...
According to Edward Snowden, I believe the attempts form China are actually originated from the United States. The hosts in your deny list are Chinese zombies controlled by U.S. crackers. Because the U.S. has the most powerful military and the most advanced high-tech in the world, I agree it's a good idea to block off the U.S. crackers by blocking China.

When your enemy is China, nothing to fear; but when the U.S. lies behind, very dangerous!
 
  


Reply


Thread Tools Search this Thread
Search this Thread:

Advanced Search

Posting Rules
You may not post new threads
You may not post replies
You may not post attachments
You may not edit your posts

BB code is On
Smilies are On
[IMG] code is Off
HTML code is Off


Similar Threads
Thread Thread Starter Forum Replies Last Post
How to block IP range of China Russia and other countries. rahilmaknojia Linux - Security 15 08-03-2010 07:21 AM
LXer: MySQL founder asks China, Russia to stop Oracle LXer Syndicated Linux News 0 01-19-2010 12:10 AM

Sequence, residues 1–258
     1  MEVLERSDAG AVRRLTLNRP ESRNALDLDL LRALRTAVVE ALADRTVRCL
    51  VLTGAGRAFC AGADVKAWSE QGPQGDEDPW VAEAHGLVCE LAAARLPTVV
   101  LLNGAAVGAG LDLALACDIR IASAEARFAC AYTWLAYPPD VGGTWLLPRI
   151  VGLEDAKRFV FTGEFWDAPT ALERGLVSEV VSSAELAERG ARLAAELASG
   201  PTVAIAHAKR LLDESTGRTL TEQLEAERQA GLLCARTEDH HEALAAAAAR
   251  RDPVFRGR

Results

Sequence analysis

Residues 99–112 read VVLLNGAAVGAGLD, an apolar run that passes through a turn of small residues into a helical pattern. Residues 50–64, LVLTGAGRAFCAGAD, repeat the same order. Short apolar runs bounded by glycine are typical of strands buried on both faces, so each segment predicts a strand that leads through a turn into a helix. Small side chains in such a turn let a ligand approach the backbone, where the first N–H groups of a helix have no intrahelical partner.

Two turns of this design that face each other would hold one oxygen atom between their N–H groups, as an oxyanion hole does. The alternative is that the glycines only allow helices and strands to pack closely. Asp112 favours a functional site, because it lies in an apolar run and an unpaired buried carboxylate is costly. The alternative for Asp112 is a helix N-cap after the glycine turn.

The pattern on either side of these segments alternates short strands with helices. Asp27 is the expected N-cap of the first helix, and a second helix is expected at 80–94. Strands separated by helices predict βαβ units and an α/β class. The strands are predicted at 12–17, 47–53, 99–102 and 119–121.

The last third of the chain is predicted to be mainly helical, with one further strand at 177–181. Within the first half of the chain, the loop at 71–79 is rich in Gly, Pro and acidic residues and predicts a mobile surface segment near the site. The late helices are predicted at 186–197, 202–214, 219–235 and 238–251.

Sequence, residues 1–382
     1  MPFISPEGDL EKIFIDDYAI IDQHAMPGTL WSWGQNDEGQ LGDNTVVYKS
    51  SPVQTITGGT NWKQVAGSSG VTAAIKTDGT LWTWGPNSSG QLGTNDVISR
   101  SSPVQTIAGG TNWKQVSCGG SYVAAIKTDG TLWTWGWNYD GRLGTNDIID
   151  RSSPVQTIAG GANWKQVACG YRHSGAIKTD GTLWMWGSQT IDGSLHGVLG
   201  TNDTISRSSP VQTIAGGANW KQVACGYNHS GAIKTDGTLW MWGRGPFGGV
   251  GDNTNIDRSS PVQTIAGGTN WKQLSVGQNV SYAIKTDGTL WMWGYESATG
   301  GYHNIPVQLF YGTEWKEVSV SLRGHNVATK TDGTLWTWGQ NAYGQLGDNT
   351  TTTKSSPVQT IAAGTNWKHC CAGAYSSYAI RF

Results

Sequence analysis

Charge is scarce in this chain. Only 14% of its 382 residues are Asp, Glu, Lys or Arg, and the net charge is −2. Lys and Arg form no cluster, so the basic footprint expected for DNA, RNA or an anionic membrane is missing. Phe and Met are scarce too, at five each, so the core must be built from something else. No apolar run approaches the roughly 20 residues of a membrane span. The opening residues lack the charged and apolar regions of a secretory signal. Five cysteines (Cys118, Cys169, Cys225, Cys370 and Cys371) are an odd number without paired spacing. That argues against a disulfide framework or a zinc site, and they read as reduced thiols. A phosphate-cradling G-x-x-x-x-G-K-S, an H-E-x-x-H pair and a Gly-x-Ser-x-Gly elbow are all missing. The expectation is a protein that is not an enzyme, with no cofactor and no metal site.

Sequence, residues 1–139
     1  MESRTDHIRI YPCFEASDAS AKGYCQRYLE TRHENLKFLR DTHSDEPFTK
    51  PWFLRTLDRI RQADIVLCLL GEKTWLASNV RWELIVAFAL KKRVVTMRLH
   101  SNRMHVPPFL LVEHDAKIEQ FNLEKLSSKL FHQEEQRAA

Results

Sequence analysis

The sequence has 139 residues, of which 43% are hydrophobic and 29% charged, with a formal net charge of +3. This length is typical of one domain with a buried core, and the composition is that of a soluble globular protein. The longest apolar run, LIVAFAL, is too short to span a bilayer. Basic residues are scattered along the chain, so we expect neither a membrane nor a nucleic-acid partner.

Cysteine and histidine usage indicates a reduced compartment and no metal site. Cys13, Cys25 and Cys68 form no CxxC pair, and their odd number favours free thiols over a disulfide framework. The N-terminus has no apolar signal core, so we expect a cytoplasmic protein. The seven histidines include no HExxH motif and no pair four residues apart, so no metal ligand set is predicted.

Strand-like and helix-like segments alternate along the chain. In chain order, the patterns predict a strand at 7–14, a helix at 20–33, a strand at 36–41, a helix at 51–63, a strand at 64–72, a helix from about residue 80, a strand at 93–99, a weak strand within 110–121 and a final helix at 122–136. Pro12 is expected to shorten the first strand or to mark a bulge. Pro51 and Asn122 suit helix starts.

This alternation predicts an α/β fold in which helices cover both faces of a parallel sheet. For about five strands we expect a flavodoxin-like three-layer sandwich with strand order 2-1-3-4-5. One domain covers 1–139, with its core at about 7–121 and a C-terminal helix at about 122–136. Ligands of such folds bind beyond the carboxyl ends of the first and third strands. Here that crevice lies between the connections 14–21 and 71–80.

hi from Russia dr_sad LinuxQuestions.org Member Intro 4 12-23-2005 02:46 AM
script to block IPs from Korea, China, Taiwan?? latino Linux - Security 4 09-05-2005 09:57 PM


All times are GMT -5. The time now is 07:13 AM.

Main Menu
My LQ
Write for LQ
LinuxQuestions.org is looking for people interested in writing Editorials, Articles, Reviews, and more. If you'd like to contribute content, let us know.
Main Menu
Syndicate
RSS1  Latest Threads
RSS1  LQ News
Twitter: @linuxquestions
identi.ca: @linuxquestions
Facebook: linuxquestions Google+: linuxquestions
Open Source Consulting | Domain Registration